Stories about life in Liddonfield housing project and its impact on the Northeast Philadelphia neighborhood of Upper Holmesburg. These true stories reveal how government policy affected the lives of real people, from the project residents to area homeowners during the 5 decades of Liddonfield’s existence. Stories and articles are written by a former resident of the project.

FIGHT THE STIGMA!

FIGHT THE STIGMA!
Rosemary Reeves, Blogger, standing on Philadelphia Skyline

Sep 20, 2010

A British Housing Project Part 5

Mom just found out that a petition was being circulated to get rid of the gypsies who lived in a caravan near our social housing project. The petition stated that gypsies did not have a right to park their caravan in the field, their campfires were a hazard and their presence there brought down the neighborhood. “Did you sign it?” I asked.

Mom shook her head. “Of course not.”

“I guess they won’t be there much longer,” I remarked.

“That’s too bad,” Dad said, “I kind of like that caravan there.” Dad settled down in front of the television.

I lingered in the kitchen with Mom. After a moment, I leaned toward her and whispered, “We should warn the gypsies if they visit us again.” Mom agreed. That evening I gazed upon their encampment for what I thought might be the last time. Somehow I couldn’t summon up the courage to go over there and speak to them, maybe even sit with them by the fire. Gypsies seemed separate and apart from ordinary people, cloaked in mystery, rumor and legend. All I knew of them were tales of thievery, fortune telling and wild dancing in the night. But who were they, really?

To the residents of Corby Commons who signed the petition, the gypsies were nothing more than homeless people who brought down the neighborhood. I found it strange that something I marveled at was someone else’s eyesore. Back in Philadelphia, I cringed every time I heard someone say that our housing project brought down the neighborhood. I was proud of my mother for not signing the petition. At least the gypsies had someone on their side.

For the next couple of weeks, I basked in the admiration of my English classmates, who saw me through star struck eyes because I was American. It was 1976 and Americans often experienced a fabulous reception around the world. We were perceived as being defenders of freedom, friendly, wealthy and innovative. Americans fought alongside the English in WWII and our countries remained close allies. People around the globe were enthralled by movies made in Hollywood. America’s reputation was at an all time high and I benefited from that lucky break.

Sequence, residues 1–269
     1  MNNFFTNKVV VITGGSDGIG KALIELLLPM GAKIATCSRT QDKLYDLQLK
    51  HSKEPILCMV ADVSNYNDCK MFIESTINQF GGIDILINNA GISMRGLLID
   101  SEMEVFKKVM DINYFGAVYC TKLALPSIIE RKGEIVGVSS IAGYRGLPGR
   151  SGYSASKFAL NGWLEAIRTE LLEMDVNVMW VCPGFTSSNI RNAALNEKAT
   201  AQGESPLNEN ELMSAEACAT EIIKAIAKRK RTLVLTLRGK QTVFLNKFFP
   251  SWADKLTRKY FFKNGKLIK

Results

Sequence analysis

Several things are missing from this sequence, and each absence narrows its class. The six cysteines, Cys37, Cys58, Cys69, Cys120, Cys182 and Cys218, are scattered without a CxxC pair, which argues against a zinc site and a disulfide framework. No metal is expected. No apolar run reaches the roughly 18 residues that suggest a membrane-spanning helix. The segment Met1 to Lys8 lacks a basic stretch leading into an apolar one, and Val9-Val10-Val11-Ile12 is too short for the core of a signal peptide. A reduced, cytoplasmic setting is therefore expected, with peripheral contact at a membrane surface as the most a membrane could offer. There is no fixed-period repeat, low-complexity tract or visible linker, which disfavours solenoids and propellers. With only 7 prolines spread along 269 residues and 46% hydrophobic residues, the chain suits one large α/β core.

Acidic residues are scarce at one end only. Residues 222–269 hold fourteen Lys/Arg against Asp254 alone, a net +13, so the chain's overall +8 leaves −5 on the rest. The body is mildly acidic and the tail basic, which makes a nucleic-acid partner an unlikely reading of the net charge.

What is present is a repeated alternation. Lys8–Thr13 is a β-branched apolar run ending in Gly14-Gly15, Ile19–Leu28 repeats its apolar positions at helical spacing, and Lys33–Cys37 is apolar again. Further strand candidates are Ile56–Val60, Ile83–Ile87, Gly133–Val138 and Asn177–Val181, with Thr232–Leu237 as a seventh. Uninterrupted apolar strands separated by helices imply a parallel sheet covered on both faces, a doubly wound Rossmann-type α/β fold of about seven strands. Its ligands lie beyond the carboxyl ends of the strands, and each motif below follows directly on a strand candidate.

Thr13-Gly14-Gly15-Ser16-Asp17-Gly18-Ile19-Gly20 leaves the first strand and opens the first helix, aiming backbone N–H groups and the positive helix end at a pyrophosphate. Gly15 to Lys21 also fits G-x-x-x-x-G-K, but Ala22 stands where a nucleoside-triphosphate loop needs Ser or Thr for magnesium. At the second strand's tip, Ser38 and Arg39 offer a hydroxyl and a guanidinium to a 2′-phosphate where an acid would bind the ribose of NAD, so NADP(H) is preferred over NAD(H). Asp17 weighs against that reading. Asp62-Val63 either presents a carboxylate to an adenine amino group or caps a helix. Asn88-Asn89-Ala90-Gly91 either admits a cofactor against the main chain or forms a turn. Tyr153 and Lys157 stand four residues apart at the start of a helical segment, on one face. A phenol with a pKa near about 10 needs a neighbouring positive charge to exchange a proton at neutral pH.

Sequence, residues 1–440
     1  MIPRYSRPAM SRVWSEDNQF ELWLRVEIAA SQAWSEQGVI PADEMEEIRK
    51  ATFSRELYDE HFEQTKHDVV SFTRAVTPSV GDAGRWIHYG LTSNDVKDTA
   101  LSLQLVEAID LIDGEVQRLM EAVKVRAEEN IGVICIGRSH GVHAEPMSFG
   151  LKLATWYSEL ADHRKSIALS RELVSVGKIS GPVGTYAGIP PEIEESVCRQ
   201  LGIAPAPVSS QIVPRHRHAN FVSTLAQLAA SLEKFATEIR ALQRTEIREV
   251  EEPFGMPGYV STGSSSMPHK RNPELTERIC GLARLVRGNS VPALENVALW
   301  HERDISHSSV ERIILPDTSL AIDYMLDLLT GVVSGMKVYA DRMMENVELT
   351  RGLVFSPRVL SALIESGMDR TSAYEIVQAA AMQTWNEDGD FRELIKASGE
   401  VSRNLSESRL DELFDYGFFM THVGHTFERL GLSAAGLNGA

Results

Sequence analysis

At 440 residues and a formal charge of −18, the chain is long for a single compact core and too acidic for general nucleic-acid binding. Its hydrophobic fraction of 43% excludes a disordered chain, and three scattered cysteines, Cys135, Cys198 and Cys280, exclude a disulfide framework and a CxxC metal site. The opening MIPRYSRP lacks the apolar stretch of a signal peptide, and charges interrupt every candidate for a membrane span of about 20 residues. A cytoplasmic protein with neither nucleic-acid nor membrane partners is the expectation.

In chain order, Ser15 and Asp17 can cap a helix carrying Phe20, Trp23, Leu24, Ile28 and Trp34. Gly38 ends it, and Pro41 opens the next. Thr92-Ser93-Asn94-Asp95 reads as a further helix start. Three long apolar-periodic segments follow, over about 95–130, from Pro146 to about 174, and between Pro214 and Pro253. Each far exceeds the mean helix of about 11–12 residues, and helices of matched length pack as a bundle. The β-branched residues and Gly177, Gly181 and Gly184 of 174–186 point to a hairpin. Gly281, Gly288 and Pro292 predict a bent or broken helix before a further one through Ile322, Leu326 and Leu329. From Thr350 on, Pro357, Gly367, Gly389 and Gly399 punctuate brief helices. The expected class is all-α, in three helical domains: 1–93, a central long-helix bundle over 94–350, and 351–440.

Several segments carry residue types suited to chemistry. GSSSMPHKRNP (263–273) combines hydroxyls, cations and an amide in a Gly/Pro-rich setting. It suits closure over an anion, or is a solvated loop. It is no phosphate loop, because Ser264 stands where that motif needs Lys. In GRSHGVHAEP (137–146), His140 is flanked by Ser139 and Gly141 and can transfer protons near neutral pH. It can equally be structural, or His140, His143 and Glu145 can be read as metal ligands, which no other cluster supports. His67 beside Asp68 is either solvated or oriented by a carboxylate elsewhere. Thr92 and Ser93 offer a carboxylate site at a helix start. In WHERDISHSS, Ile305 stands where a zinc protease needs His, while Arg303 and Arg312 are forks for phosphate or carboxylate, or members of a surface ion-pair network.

Still, I could not keep up the charade much longer. My classmates were starting to catch on that my family might not be wealthy after all, as I had said. “I saw you getting off the bus the other day,” one of them told me, “I thought rich kids have chauffeurs drive them to school.”

I had to do some quick thinking. Maybe if I just watered down the lie a little, then perhaps I could gradually set things straight over time. “I don’t have a chauffeur, silly, I said, “We’re rich, but not that rich.”

It didn’t take long for others to ask probing questions. I was in the locker room with two of my friends when they asked why I never invited them to my house. “We’d love to meet your parents,” they said. I assured them I’d invite them over sometime soon. I wished the lie would just go away like it never happened. But then I thought about the gypsies and how people were trying to get rid of them because they were poor. Would my new friends treat me the same way?

I wanted to confide in my mother, but I didn’t think anyone would understand what it was like to be a teenager trying to fit into a higher social class. In desperation, I had read books on etiquette. I studied how to properly set a table, use the right utensils, carry myself in a certain manner and a host of other subtleties associated with a high social standing. But there no books on how to transition emotionally, how to approach others when telling the truth about your background, or what to do when people reject you because of your address.

I came home from school one day and Mom said, “I had tea with the gypsy woman again.”

“Did you warn her about the petition?” I asked.

The conclusion of A British Housing Project will be posted on Monday

RELATED STORIES:

A British Housing Project, Conclusion

No comments:

Post a Comment

Thank you for commenting on PublicHousingStories.com!